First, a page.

Last week the Minister for Finance, announced the decision of the Irish Government immediately to stand behind all deposits and loans made by Irish banks and building societies as a measure to instil confidence in Irish banks and building societies and prevent a run that could likely have led to destabilising the Irish banking system. This support was implemented through the Credit Institutions (Financial Support) Act 2008, the Support Act. Today, the Minister confirmed the extension of the Support Act to funding subsidiaries of European owned banks and building societies with a significant and broad based footprint in the Irish economy.
Characteristically, the terms of the Support Act introduced by the Minister to implement the proposed financial support have been set out in the broadest terms in favour of the Irish Government. This kind of approach is typical of the general approach to drafting of financial legislation as well as a feature of good crisis management.
The priority objective is to safeguard the banking system in Ireland and in so doing confers the widest powers on the Irish Government in its dealings with supported institutions. The powers conferred on the Minister for Finance by the Support Act are additional and are not intended to displace the powers and functions of either the Irish Central Bank or the Irish Financial Regulator.
The period of financial support to be given by the Irish Government is two years from 29 September 2008 until 29 September 2010 and is available only to credit institutions incorporated and having their head office in Ireland.
Financial support is initiated on application by an eligible institution and may take any form and manner determined by the Minister for Finance on such commercial terms as the Minister thinks fit. The ability of the Minister to decide the terms on which it will provide support to each supported credit institution allows the Irish Government to counter arguments against moral hazard in the banking system by imposing higher charges on a risk adjusted basis.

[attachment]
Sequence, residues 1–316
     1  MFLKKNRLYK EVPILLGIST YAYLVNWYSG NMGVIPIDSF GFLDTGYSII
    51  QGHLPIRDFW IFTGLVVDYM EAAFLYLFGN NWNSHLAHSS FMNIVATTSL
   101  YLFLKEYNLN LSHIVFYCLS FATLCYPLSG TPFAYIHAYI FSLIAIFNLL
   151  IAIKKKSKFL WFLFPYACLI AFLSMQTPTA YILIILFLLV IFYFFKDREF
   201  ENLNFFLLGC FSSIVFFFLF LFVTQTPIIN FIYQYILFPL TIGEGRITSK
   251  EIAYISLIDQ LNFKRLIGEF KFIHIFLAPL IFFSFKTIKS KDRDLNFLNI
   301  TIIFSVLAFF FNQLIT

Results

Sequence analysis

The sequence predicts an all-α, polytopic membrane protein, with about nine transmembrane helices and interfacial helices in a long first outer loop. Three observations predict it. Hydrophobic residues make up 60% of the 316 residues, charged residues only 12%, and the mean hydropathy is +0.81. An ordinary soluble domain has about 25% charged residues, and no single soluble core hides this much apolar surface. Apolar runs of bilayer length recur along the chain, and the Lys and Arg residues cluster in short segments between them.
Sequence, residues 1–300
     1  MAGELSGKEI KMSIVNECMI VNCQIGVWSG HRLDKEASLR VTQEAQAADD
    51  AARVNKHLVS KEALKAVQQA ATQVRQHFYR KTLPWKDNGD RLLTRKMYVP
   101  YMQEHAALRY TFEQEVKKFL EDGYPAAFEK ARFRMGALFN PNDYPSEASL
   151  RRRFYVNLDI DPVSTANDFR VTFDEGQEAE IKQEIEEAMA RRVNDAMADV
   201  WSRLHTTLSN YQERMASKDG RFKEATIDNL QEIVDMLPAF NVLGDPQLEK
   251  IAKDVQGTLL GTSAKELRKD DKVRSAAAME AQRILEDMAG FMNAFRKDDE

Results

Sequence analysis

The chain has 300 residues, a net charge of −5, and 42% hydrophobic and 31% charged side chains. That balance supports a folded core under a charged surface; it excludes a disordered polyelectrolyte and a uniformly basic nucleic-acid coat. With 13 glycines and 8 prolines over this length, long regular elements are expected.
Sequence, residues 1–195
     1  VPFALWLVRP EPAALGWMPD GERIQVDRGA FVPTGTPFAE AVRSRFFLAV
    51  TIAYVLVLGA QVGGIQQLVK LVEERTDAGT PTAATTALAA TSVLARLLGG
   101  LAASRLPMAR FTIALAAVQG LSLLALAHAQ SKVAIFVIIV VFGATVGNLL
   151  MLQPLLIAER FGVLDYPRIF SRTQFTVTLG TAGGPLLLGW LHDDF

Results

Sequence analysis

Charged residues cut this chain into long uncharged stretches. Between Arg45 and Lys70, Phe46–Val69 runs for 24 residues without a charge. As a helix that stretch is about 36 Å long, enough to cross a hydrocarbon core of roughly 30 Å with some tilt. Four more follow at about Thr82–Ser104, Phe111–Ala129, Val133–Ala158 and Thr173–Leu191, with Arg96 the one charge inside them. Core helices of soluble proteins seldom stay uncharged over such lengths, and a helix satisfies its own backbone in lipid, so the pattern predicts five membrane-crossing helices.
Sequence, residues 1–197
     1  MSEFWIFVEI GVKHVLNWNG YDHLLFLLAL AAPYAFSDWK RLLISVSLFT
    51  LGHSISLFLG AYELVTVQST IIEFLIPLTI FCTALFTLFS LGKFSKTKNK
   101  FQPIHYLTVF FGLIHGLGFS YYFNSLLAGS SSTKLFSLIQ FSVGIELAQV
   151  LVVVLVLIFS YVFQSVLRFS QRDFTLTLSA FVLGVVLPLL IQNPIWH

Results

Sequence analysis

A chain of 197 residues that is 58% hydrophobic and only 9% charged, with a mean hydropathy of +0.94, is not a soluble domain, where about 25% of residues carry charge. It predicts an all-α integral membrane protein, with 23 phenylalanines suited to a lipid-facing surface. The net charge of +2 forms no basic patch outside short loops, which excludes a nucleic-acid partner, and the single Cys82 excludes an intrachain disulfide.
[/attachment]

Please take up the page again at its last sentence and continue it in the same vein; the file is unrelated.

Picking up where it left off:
In practical terms, an acquiring investor (i.e. who acquires 10% or more in the equity capital of an Irish Credit Institution) must now obtain approval from the Minister for Finance, as well as approval from the Irish Central Bank and the Irish Financial Regulator.
In effect, the Support Act now confers a commercial veto over acquiring transactions in Irish banks and building societies in favour of the Minister for Finance. In our view, the Minister is most likely to have regard in exercising this power in a manner that he/she considers conducive to safeguarding the integrity of the Irish banking system as a priority objective; nonetheless the Support Act confers considerable influence on the Minister for Finance in respect of acquiring transactions.
The Support Act also significantly alters the merger control regime for supported institutions. The key feature of the new regime is that the Minister for Finance can approve a transaction involving a supported institution even if the Minister is of the opinion that it results in a substantial lessening of competition; if the Minister considers the transaction necessary to maintain financial stability of either the relevant institution or the financial system generally or a serious disturbance in the Irish economy.